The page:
This step-by-step guide to mastering basic construction math utilizes the building of a hypothetical bungalow as an occasion to lightheartedly relate mathematical thinking to practical application.
The need for one more book in a market where a dozen books on basic math for construction workers have been published appears initially questionable. Yet Cook’s book earns a place of distinction for bringing a gently humorous tone and an engaging sense of storytelling to what could be the driest of subjects. Organizing his book around the building of a hypothetical bungalow, Cook brings essential grade-school level mathematical concepts (how to solve for unknowns, distinguishing numbers and units and dealing with fundamental algebra and geometry) into play in the sequence you would need to use them if you were building your own home. This is a particularly engaging read for anyone suffering math phobia. “Solving for an unknown is like traveling to a new destination,” opens the book, and, through the author’s clearheaded examples of construction problems mathematically solved, math becomes a thoroughly charming form of intellectual recreation. Each chapter concludes with a helpful review of key concepts. And sprinkled through the text are Mary E. Scott’s cartoons achieving a remarkable balance between adult sophistication and childlike playfulness. In Cook’s chapter on reviewing how to solve fractions, decimals and percent, the author gives the all-too-gripping math problem of calculating the cost of filling up your truck’s gas tank, a skyrocketing cost of doing construction work. Levity is introduced through Scott’s cartoon showing a depressed consumer pondering which button to press on a gas pump with buttons labeled “Barely Afford,” “Second Mortgage” and “Buy a Bike.” The book’s 17 compact chapters conclude with a helpful list of conversion factors and handy equations.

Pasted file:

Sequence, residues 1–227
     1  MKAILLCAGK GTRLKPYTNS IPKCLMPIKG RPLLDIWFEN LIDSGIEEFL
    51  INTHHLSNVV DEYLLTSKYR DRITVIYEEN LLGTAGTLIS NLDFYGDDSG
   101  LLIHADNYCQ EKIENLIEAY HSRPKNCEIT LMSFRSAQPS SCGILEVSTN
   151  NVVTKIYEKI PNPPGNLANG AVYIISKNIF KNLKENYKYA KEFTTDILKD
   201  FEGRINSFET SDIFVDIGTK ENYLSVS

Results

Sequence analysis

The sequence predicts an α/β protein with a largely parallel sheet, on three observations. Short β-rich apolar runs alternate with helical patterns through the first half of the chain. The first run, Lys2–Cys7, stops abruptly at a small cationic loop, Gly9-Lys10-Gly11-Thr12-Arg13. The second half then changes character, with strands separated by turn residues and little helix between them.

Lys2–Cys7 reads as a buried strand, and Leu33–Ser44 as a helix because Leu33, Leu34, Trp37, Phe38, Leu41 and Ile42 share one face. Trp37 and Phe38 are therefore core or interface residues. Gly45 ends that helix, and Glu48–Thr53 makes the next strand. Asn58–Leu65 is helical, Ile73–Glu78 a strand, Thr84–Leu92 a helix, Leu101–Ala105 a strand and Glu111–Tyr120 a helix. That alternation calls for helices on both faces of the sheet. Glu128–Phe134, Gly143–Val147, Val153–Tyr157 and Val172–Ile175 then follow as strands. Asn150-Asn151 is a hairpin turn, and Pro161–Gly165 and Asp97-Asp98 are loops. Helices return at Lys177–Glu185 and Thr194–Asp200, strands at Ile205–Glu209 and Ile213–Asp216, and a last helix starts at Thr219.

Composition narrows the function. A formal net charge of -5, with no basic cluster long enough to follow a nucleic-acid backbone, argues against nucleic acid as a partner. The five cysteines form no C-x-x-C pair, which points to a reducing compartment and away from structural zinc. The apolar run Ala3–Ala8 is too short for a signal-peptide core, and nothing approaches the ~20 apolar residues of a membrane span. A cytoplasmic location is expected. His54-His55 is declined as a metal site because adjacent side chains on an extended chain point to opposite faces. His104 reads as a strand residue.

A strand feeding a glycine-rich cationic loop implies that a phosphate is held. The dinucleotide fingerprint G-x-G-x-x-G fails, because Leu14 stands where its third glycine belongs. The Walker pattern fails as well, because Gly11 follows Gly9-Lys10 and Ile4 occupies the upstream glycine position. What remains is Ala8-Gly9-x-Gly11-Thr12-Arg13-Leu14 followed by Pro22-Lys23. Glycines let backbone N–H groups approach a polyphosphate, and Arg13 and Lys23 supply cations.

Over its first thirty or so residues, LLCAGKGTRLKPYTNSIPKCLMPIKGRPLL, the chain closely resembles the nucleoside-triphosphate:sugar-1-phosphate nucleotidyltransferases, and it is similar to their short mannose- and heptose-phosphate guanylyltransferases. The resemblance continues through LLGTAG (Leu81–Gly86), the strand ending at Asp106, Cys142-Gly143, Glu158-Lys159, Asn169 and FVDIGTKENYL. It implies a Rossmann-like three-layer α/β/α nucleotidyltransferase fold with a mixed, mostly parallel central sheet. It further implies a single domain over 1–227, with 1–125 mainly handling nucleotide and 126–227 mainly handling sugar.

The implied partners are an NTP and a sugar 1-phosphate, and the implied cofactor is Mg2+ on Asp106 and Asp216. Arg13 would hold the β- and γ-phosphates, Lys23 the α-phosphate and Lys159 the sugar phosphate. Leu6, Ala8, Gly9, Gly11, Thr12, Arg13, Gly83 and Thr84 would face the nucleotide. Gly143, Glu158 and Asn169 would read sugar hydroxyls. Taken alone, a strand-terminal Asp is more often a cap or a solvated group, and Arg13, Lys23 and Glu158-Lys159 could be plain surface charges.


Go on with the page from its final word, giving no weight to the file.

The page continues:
Cook successfully establishes the mathematical foundation needed for construction with a witty, conversational tone that clarifies math while instilling confidence in a reader’s capacity to practically apply numbers.